Energy Efficiency | May 20, 2016

Which is More Energy Efficient? Microwave vs Toaster Oven vs Oven

Choosing the right energy-efficient cooking appliance for the right task is one easy way to save energy and potentially lower your energy costs at home. (Not sure where to start? Take our Which is More Energy Efficient? quiz on top-used appliances).

We’ve already written about the energy showdown between LED vs CFL bulbs, crockpots vs ovens, and gas vs electric dryers. Now it’s time to crown the winner of the microwave vs oven and toaster oven vs microwave battles. The energy-efficient cooking winner is … the microwave!

Choosing to cook with a microwave vs oven can use from 30% to as much as 80% less energy, according to ENERGY STAR. As an added bonus, a microwave doesn’t heat up the kitchen in the summer as much as cooking with an oven would, which can help with air conditioning costs.

It helps to understand how these appliances work when considering whether to use toaster oven vs a microwave or a microwave vs an oven.

Microwaves use high-frequency radio waves to heat the water molecules inside food. The food essentially cooks from the inside out, leaving the air around the food to remain at room temperature. In essence, microwaves heat all the food at once. This method reduces cooking time and energy consumption, especially when cooking small amounts of food.

In contrast, a conventional oven heats primarily by convection: the hot air surrounds the food and the heat from hot coils comes as a result of the temperature difference between the hot air and the food. As the outer parts of the food become hot, the heat moves inward to heat the interior of the food. Toaster ovens cook food by combining hot air with radiant heat.

Toaster oven vs microwave

Toaster ovens and microwaves generally have different wattage. The average microwave uses 925 watts, and toaster ovens 1225 watts in the U.S. That means from the get-go the microwave is ahead of the toaster oven in energy efficient cooking as it uses about 20% less power.

Toaster ovens also beat out conventional ovens. They use about ⅓ to ½ the amount of energy of a conventional electric oven when cooking small meals, according to ENERGY STAR. Toaster ovens are primarily used for toasting and baking, and less frequently for defrosting, warming or broiling food. ENERGY STAR notes that 27% of households use their toaster ovens for only toasting, while 7% use it only for baking.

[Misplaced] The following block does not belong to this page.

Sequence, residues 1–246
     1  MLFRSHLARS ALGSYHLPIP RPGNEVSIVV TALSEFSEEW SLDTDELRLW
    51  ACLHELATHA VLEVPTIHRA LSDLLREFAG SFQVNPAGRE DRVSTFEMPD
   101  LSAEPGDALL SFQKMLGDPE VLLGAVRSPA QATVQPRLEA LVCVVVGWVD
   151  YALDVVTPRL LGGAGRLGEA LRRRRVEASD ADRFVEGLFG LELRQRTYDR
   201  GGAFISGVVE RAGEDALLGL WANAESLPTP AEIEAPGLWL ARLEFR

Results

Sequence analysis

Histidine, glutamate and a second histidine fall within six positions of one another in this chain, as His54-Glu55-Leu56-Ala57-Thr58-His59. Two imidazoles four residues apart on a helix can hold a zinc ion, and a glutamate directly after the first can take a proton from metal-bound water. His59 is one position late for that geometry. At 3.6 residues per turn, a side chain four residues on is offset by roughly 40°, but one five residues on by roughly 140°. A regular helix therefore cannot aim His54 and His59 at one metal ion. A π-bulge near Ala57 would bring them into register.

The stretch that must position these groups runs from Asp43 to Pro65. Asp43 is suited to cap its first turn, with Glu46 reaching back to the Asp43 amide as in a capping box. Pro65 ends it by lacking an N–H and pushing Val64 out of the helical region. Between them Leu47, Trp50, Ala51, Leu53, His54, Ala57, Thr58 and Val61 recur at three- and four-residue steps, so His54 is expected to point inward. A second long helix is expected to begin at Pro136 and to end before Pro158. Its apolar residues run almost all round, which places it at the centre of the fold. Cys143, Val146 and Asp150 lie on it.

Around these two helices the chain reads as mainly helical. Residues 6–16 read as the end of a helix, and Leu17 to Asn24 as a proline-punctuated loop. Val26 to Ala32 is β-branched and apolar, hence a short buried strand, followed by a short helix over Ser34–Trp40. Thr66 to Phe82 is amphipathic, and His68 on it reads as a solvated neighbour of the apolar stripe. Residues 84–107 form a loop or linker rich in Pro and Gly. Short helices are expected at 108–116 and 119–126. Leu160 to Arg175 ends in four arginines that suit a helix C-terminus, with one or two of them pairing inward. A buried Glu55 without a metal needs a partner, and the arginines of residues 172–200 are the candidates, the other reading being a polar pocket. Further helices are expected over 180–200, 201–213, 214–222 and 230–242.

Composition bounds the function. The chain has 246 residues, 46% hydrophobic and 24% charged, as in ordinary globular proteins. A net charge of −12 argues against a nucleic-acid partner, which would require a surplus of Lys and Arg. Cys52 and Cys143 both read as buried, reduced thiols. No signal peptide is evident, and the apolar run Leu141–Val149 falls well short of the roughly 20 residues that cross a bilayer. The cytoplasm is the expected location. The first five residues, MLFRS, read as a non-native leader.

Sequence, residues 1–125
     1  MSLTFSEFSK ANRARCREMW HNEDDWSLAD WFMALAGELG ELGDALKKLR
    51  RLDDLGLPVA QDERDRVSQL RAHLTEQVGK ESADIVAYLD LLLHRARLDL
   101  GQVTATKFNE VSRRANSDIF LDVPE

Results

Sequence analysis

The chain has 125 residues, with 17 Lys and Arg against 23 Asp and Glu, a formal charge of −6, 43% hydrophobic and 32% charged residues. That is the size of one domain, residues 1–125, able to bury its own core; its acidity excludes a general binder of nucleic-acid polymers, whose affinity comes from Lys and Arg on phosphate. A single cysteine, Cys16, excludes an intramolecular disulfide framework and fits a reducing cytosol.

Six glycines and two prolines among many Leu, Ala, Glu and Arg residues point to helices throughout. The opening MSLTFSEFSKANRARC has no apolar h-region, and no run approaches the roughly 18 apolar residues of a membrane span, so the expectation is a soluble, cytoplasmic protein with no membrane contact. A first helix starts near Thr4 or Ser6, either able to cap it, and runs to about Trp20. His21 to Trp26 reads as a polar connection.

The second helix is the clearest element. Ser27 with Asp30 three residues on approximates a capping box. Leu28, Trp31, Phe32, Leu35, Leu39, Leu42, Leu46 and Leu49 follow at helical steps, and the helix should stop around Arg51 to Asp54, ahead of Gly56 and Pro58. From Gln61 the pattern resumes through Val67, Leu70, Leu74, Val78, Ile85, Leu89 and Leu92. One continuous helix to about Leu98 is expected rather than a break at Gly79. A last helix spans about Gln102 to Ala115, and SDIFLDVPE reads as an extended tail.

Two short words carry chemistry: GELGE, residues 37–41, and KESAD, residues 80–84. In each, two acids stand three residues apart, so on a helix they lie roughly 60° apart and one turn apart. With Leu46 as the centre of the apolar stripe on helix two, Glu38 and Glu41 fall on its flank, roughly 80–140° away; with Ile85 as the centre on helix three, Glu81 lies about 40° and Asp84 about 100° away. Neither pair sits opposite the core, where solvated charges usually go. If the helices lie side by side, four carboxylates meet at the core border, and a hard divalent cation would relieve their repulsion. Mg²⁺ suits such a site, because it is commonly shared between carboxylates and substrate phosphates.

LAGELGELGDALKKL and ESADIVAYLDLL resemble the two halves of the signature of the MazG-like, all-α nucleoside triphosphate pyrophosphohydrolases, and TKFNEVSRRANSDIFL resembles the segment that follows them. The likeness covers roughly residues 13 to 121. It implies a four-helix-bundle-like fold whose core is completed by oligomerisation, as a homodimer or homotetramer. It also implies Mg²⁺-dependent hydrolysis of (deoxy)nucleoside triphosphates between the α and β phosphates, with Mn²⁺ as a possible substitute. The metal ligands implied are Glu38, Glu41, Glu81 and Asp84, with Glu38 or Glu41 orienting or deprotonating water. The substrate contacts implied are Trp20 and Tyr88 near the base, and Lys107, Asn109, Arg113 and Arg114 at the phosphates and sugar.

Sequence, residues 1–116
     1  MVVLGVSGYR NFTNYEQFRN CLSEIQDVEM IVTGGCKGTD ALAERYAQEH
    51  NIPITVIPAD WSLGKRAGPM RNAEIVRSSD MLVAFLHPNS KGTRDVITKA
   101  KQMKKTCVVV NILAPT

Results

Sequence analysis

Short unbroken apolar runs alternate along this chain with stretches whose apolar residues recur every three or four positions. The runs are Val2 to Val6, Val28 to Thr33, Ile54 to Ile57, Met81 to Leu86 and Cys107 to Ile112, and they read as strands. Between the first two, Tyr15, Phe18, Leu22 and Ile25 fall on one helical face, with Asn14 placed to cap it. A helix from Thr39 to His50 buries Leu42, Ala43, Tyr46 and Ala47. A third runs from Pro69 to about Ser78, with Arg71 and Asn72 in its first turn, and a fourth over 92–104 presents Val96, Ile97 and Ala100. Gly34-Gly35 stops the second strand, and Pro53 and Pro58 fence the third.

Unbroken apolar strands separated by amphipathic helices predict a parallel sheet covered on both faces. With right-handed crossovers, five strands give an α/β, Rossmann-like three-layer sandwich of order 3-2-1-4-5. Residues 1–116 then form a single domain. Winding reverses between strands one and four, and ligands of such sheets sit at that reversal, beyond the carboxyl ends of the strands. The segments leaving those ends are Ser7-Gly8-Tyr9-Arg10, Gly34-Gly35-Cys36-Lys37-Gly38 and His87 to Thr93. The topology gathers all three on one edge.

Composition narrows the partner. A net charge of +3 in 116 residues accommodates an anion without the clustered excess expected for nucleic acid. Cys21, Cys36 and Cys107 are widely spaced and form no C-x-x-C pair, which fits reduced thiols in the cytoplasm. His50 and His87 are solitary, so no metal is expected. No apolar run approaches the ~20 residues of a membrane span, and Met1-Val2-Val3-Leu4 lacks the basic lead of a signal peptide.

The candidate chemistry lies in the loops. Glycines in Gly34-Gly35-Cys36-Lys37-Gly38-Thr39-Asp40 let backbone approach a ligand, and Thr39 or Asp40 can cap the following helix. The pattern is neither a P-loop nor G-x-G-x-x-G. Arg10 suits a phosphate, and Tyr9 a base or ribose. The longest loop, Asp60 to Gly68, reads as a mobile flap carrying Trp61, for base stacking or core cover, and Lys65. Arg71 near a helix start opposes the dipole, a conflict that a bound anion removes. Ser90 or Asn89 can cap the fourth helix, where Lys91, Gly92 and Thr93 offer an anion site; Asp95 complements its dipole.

microwave-vs-toaster-oven-hours-watts

Microwave vs oven

Cooking a potato is one way to understand the potential cooking benefits of using a microwave vs oven. Cooking four medium potatoes takes about 15 minutes in a microwave oven, according to Home Energy magazine. Cooking those same four potatoes in a conventional oven would take about an hour. This is obviously a reduction in both time and energy costs.

Sometimes, though, an oven is the right energy efficient cooking appliance for the task at hand. Larger amounts of food, for instance, do better in an oven than a microwave.

You can increase the energy efficiency of your oven by following a few tips:

  • Install your oven away from your refrigerator. Heat from the range will make the fridge work hard and raise your electricity bill. If you do have to put appliances next to each other, place a sheet of foam insulation between them.
  • Self-cleaning ovens have more insulation and tighter-fitting oven doors than standard ovens. This keeps the heat in more effectively.
  • Don’t open the oven door while cooking to check your food. Each time you open the door the oven temperature drops by 25 degrees. That’s why ovens have that interior light or use a timer.
  • Preheating your oven uses extra energy and is generally considered unnecessary.
  • Use the correct cookware. In the oven, using glass or ceramic pans instead of metal allows you to turn down the temperature about 25 degrees and cook foods just as quickly.

Want to see where other kitchen appliances fall in energy-efficient cooking? Here’s a breakdown of the approximate cost in kilowatt hours and price of operating various kitchen appliances, courtesy of the Consumer Energy Center.

energy-efficient-cooking-appliances-comparison

Of course, no appliance is efficient if it’s not used correctly. The Consumer Energy Center offer some tips to ensure optimum microwave energy efficiency:

  • Microwaves are most efficient for small portions or defrosting.
  • Microwaves are not appropriate for all cooking; they can cook unevenly and can’t brown food.
  • Microwave energy efficiency does not vary much. Generally, a small microwave, rated at 600-800 watts, is more energy-efficient than a larger one, typically at 850-1650 watts. Don’t buy a larger microwave than your family needs.
  • Newer models can increase microwave energy efficiency through temperature probes, sensing controls that tell by moisture content when food is fully cooked and variable power settings.

Final take-away? Size matters when choosing the best energy efficiency cooking appliance. So, too, does the kind of cooking you want to do. But if you’re going small and/or reheating, you can’t beat microwave energy efficiency.

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